would (as I think) have had pragmatic reasons and limitations that would 
at the very least have put symbolic and ironic reverberations on the 
back burner.

But my thinking would be swayed if someone could provide concrete 
evidence of doubling in Shakespeare's time deliberately designed for 
symbolic or thematic effect.

I still think such symbolic and ironic doubling is a modern practice 
that we should be on our guard against reading back into Shakespeare's time.

My complaint about directors confusing or abusing audiences comes from 
the fact that heavy-handed directorial message-telegraphing has done 
more damage than perhaps anything else to the productions I've seen over 
the past 20 or 30 years.

But I admit that sometimes directors' attempts at symbolism, if done 
subtly and intelligently enough, have worked for me.

Bruce Young

[2]-------------------------------------------------------------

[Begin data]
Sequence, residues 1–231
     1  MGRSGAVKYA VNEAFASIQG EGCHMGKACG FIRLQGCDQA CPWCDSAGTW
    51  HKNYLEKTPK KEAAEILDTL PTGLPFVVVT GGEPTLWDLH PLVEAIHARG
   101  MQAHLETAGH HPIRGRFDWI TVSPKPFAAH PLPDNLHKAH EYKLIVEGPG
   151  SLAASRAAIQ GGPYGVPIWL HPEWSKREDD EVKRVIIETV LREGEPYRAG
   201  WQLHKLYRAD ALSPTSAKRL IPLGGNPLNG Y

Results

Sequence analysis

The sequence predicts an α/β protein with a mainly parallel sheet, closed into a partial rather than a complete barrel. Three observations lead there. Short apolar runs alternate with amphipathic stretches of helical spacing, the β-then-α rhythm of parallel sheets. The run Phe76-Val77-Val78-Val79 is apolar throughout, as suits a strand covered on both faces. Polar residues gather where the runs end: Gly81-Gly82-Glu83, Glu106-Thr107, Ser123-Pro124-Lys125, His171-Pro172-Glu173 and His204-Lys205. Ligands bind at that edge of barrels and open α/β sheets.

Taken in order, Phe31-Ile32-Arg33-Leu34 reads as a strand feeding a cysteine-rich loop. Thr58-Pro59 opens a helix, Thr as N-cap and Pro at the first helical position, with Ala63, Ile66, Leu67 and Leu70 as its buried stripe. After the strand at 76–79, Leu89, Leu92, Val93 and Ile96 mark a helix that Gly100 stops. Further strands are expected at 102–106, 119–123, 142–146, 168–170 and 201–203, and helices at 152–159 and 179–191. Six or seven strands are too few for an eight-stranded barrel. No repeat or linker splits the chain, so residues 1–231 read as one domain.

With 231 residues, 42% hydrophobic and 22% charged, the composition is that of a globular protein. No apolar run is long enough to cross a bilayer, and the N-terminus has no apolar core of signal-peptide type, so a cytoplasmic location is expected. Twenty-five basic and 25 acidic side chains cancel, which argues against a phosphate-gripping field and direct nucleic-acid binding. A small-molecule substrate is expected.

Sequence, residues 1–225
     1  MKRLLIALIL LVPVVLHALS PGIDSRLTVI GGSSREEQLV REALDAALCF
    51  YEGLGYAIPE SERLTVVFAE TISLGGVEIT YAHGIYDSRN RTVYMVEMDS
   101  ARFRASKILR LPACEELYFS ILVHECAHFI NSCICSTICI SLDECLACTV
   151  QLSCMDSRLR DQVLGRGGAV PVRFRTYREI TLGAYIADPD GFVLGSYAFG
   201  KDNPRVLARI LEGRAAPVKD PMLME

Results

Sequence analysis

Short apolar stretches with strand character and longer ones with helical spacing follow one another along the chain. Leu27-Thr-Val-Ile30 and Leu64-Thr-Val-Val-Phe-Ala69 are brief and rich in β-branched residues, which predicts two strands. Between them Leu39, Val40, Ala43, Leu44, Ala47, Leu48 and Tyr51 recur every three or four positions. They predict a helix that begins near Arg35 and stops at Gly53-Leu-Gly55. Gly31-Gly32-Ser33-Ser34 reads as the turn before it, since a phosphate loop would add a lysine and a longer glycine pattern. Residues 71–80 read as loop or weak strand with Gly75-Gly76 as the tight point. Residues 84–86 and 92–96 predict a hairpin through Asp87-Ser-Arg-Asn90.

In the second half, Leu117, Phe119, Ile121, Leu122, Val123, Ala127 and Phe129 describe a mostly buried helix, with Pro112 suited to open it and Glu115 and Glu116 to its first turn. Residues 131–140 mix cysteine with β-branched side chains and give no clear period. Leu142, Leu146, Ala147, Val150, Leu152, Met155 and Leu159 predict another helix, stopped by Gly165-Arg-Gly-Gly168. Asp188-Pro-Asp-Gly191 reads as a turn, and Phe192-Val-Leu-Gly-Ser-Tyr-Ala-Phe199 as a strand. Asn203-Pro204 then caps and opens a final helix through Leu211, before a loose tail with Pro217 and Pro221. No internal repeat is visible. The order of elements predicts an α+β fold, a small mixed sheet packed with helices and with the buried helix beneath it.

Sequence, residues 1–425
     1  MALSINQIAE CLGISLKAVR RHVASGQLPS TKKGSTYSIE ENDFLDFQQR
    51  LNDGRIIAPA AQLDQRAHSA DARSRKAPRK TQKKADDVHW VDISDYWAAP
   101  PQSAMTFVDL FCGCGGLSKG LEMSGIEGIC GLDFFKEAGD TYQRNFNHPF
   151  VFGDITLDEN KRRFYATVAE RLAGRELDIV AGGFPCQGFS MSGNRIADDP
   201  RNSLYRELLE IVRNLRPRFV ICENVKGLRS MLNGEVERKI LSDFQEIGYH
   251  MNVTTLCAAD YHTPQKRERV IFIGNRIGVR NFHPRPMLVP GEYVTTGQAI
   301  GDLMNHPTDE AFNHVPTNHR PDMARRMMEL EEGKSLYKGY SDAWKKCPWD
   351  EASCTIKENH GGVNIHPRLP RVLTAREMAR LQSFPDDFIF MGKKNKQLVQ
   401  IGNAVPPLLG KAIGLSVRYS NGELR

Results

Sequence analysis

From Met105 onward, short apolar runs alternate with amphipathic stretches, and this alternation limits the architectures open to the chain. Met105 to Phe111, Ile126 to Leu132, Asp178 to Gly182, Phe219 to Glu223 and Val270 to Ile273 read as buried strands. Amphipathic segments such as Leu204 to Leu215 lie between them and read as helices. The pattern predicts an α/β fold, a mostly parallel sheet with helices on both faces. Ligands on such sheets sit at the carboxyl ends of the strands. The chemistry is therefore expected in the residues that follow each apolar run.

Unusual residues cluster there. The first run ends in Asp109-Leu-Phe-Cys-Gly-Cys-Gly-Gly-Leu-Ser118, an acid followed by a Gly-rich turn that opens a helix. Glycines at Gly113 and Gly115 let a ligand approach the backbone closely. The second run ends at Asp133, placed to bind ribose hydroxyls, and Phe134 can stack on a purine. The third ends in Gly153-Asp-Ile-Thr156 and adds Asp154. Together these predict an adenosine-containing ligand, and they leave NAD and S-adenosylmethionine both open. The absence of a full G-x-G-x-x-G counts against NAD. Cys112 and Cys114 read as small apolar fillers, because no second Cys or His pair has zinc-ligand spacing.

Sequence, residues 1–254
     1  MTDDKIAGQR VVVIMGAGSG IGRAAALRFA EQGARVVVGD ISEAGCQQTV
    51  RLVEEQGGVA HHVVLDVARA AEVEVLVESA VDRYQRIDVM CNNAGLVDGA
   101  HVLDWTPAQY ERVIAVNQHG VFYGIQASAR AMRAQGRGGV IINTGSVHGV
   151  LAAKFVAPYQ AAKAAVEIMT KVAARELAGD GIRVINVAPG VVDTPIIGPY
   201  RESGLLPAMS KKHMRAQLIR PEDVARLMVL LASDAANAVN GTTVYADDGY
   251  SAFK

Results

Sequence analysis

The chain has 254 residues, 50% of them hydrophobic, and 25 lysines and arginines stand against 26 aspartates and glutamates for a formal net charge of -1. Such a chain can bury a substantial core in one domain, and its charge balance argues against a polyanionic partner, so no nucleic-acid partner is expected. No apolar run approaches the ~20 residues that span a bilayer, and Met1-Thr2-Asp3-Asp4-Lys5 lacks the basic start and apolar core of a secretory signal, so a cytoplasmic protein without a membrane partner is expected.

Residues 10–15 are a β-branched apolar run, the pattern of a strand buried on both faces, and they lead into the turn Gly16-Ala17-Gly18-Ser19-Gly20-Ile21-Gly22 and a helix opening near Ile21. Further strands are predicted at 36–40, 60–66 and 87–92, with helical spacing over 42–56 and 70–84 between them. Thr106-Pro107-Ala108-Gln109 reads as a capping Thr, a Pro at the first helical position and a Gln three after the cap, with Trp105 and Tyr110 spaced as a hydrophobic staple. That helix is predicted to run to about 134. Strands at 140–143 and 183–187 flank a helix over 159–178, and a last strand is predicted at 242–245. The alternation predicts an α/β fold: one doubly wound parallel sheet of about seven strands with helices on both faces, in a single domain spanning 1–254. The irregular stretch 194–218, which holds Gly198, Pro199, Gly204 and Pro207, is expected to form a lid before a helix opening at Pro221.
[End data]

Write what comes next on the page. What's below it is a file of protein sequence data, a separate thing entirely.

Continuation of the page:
From: 		Bob Marks <This email address is being protected from spambots. You need JavaScript enabled to view it.>
Date: 		Thursday, 23 Mar 2006 16:19:45 -0800 (PST)
Subject: 17.0203 Doubling of Cordelia and the Fool: Again
Comment: 	Re: SHK 17.0203 Doubling of Cordelia and the Fool: Again

In discussing the doubling of Fool and Cordelia here we are skirting 
around the possibility that Cordelia never left England but stayed 
behind and served her father disguised as his Fool - the original Fool 
having been Oswald who left Lear's service and joined up with Goneril 
(in Leir).

I know that this idea must seem to be off the planet to many of you, but 
I assure you that there are many good reasons for it. I have an 
extensive website dedicated entirely to the idea. Some of you may not 
have seen. It begins at: http://users.bigpond.net.au/catchus/student.html

Not a joke!
Bob Marks